LIM Cher Ping is a Professor of Curriculum and Innovations at the Hong Kong Institute of Education and the Editor-in-Chief of the Internet and Higher Education. He was a Professor of Education, Director of International Partnerships and Director of the Asia-Pacific Centre of Excellence for Teacher Education and Innovations in Western Australia before moving to Hong Kong in late 2010. Over the last two decades, he has engaged major stakeholders of higher education at the institutional, national and international levels. Organisations including UNESCO, Microsoft, BHP Billiton, World Bank, Sampoerna Foundation, and government agencies have become his partners for many of the education research and development projects that he has led. He is co-Project Leader of the BOLT Project.

    Darren Harbutt is an Educational Development Officer in the Educational Development Centre of The Hong Kong Polytechnic University. Before this he worked as an Instructional Designer at the University of Hong Kong. Darren has worked in education for over 20 years and in the last few years he has also helped to design, build and run MOOCs. Darren is co-Project Leader of the BOLT Project.

    David Watson joined PolyU with eight years of experience in the higher education sector, providing technological and instructional expertise in numerous online projects, with his development skills incorporating the pedagogical requirements and alignment in eLearning and online teaching. Supported by Postgraduate Certificate in Teaching in Higher Education (PGCTHE), CMALT and Masters in Web Development, his current role focuses on areas such as Augmented & Virtual Reality (AR/VR), Professional Development Delivery and the development of various funded instructional technologies.

    Veronika Schoeb currently performs as Assistant Professor in the Department of Rehabilitation Sciences at PolyU. She holds a first degree as a health professional from Switzerland, and received her PhD in Sociology from the University of Nottingham, UK. Prior to joining PolyU in February 2015, she was a Lecturer at the University of Applied Sciences in Western Switzerland. She teaches qualitative research courses (in a very quantitative environment) and tackles this challenge by trying out different teaching modalities. Her research interests lie in communication as well as interprofessional collaboration, and she investigates topics related to social interaction, both in health care as well as in education.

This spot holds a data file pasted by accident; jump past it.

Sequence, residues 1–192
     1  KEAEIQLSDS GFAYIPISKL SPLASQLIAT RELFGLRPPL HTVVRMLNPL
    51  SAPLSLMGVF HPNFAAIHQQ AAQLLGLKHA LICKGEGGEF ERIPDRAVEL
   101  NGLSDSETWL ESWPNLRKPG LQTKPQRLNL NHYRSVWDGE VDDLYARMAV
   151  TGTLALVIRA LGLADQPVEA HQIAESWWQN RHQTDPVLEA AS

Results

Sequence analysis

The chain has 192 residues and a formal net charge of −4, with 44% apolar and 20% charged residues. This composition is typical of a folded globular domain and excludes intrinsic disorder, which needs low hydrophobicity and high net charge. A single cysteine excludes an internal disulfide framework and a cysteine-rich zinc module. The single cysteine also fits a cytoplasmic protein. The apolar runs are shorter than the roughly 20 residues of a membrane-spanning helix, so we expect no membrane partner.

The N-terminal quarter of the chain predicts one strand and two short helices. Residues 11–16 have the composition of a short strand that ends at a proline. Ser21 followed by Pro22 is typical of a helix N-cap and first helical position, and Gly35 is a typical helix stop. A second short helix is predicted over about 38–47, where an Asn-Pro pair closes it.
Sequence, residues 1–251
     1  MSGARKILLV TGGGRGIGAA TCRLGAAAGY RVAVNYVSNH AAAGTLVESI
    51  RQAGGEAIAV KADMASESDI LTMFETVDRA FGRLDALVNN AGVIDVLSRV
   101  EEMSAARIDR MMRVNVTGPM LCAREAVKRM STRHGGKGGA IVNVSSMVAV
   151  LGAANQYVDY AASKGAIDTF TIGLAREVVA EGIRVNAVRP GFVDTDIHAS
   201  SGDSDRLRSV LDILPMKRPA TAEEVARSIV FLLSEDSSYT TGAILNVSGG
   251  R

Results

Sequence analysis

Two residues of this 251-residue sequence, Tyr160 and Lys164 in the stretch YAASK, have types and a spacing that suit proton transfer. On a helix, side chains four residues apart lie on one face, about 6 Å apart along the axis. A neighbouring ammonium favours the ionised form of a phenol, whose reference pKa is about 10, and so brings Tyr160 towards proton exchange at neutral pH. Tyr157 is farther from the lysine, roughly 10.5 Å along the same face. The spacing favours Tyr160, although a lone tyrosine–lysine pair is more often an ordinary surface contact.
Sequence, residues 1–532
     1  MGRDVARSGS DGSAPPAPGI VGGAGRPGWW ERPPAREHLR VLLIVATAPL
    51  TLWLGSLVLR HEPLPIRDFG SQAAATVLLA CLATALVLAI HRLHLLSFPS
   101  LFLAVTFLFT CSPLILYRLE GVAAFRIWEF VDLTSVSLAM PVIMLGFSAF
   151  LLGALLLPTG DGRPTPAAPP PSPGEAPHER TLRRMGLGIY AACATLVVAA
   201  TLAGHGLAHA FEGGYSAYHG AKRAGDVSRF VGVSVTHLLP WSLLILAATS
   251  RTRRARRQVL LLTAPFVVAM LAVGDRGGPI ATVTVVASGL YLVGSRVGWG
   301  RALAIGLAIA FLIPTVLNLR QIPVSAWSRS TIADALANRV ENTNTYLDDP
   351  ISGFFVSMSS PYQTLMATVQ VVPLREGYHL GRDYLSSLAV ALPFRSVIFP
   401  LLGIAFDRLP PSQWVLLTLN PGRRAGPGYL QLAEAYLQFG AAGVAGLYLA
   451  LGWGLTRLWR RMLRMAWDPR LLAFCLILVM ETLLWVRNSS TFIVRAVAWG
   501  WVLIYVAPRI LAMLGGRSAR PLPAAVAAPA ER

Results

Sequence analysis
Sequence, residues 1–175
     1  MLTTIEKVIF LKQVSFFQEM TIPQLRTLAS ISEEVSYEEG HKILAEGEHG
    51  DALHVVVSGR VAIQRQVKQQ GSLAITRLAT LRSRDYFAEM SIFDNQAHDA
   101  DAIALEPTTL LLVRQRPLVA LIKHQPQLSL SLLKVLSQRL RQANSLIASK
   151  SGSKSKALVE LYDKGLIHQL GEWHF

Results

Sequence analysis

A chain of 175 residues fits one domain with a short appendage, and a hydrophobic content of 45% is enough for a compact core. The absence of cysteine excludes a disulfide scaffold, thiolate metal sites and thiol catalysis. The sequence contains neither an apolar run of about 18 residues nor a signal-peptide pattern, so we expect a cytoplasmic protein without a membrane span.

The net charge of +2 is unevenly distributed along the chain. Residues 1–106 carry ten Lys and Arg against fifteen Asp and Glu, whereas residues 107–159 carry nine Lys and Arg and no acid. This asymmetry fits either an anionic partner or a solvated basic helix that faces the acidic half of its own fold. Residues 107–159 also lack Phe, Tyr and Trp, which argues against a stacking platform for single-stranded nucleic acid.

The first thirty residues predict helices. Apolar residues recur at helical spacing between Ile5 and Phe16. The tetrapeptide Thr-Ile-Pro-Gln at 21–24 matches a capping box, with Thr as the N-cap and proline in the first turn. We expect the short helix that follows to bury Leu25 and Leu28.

Registration

    For enquiries, please contact Miss Cherry Lai by email cherry.lai@hku.hk.


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    Despite the growing popularity of the flipped classroom approach, many teachers are concerned about students not watching online videos before class. Dr. Lily Zeng addressed this common concern in a seminar on 8 March 2016.

    Major challenges in flipping

    Over 70% of seminar participants had not flipped a class before, but were considering to do so. They anticipated the following challenges in flipping:

    WordCloud

    Student preparation was an obvious concern. Related items include “lecture video not watched”, “students not equipped”, “unprepared students”, “preparedness”, “preparation” and “student commitment”.

    What should teachers do?

    To overcome this challenge, Dr. Zeng recommended that teachers ensure the alignment of pre-class, in-class and after-class activities. In designing a course, they should always keep in mind the intended learning outcomes and make sure that concepts covered in the short videos are related to the in-class activities and assessments. This will create a backwash effect and push students to get prepared for class, or else they will not be able to participate in in-class activities where everyone else is engaged.

    Lily-photo

    When asking students to watch videos before class, consider giving:

    1. extra credits as incentives for those who watch the videos and complete knowledge check questions before class;
    2. clear expectations, i.e., explain to them why they should watch the videos; and
    3. guidance about what to take note of in the videos, such as a short “curator’s message”, some highlights and key questions to think about while watching.

    It can be frustrating to know that some students did not do preparations for class. However, we can make use of this opportunity to teach students the importance of doing preparations as a “pre-requisite” of a deep learning experience.

    Further reading

    1. Conquering the 4Cs: Creating Engaging In-class Activities